Written by: Cynthia Rylant
Illustrated by: Chris Soentpiet
Scholastic Books, 1987, Softcover
Target Audience: Ages 3-8
Theme: Caring, Dreams, Self-Determination
How We Discovered This Book: Since Christmas is nearly upon us, I felt compelled to look through our favorite Christmas books. Some of the books are sweet, some are spiritual, and some have a powerful message. This book is sweet and has an important message slipped in.
A rich man has an accident in the Appalachian hills, and after he is nursed back to health by the residents, he feels compelled to repay the debt. Every December 23rd, he rides a train into the town and tosses a silver package to each of the children. A boy named Frankie wishes for different toys each year, but he doesn’t get what he wishes for. He gets a nice toy along with something more important – something he needs. The story comes full circle when Frankie is grown and decides to return to the town to repay his own debt.
What I Liked:
The book has a straightforward plot, with expressive and rich illustrations. Ms. Rylant manages to get across the key details without being too overt – how poor these children and families are, how to be grateful for what we are given, and how to share our blessings with others.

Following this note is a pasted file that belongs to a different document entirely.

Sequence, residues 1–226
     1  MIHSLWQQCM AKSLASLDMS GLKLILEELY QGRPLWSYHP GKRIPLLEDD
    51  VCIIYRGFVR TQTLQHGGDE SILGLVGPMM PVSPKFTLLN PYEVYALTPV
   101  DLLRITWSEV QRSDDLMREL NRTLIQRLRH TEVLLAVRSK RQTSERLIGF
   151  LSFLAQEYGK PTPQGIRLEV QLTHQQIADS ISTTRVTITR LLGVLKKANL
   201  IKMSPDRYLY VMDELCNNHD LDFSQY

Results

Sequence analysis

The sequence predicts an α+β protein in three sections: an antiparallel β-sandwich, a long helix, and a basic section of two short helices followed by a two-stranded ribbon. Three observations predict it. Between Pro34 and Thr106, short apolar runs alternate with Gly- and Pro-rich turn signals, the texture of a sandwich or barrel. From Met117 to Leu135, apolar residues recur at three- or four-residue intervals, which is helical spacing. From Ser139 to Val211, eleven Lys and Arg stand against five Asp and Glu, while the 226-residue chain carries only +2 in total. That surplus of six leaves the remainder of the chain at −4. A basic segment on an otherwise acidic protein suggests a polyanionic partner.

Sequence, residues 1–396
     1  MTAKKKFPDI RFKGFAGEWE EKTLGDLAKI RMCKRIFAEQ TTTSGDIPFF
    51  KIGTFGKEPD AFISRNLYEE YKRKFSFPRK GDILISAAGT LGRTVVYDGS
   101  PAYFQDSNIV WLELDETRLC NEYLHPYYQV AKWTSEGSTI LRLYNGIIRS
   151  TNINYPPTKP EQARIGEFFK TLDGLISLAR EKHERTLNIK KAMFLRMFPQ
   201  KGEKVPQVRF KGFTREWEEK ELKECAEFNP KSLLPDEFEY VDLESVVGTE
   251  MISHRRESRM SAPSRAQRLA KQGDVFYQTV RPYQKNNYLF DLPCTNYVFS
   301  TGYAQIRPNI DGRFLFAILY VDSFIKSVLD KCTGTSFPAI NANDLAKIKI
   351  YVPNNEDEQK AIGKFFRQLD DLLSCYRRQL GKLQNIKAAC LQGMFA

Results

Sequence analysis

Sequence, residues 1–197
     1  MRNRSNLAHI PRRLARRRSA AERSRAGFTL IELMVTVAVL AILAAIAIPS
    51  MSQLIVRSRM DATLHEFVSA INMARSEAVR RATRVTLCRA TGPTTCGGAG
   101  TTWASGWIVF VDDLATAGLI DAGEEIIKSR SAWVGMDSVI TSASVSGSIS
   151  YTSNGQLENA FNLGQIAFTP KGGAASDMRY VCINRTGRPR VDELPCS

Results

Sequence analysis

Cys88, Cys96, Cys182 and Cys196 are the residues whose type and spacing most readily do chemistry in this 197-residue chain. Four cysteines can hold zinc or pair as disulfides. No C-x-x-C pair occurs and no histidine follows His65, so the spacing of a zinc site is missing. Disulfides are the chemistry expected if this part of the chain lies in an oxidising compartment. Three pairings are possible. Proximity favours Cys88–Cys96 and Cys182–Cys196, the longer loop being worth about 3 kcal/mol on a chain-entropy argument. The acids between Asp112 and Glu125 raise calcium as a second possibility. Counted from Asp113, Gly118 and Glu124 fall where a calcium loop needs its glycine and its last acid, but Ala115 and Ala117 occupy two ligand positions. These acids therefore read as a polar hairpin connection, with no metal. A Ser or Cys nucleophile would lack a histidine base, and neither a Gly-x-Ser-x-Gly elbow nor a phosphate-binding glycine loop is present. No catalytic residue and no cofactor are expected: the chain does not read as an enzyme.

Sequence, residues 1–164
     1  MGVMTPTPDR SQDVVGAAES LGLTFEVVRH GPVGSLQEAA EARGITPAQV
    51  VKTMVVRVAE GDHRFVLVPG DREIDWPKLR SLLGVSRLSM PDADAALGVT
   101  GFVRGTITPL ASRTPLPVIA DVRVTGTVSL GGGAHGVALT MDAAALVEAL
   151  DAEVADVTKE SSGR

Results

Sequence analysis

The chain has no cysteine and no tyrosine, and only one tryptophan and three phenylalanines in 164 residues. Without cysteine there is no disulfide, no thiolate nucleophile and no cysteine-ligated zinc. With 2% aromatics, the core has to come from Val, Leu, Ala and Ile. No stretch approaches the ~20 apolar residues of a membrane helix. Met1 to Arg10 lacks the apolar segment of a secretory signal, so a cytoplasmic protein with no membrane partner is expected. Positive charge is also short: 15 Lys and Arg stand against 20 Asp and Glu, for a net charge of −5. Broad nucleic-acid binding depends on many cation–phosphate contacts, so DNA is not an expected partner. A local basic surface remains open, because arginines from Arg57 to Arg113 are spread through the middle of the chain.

What Did My Kids Think?
My kids found the train and the silver packages to be magical, and couldn’t wait to find out what Frankie got the next year. The Polar Express is another one of our favorites – my, the fun things that trains can bring.
Brainstorm with your kids or students on what they would wish for if a train came through their town.
Find a service project to do with your kids or students. It’s not too late- there are needy people across the world at all times of the year. I find it’s most impactful if it serves a group they can identify with – other kids, people in their own town, etc.
Some other Christmas favorites:
The Night Before Christmas by Clement C. Moore: There are tons of versions of this classic story, but we have a version illustrated by Bruce Whatley that is full of texture and unexpected depth.
Snowmen at Night by Caralyn Buehner, illustrated by Mark Buehner: What do your snowmen do at night while you are sleeping?
Jingle Bells by Kathleen N. Daly, illustrated by J.P. Miller: This is a favorite of mine from my childhood, originally published as a Little Golden Book in 1964 (for the record, I have the 7th printing from 1976). It has Richard Scarry-esque illustrations, and there is no way to read the book without singing.
The Legend of the Candy Cane by Lori Walburg, illustrated by James Bernardin: Check out the review we posted in early 2013.
What are your favorite Christmas books? Please share in the comments!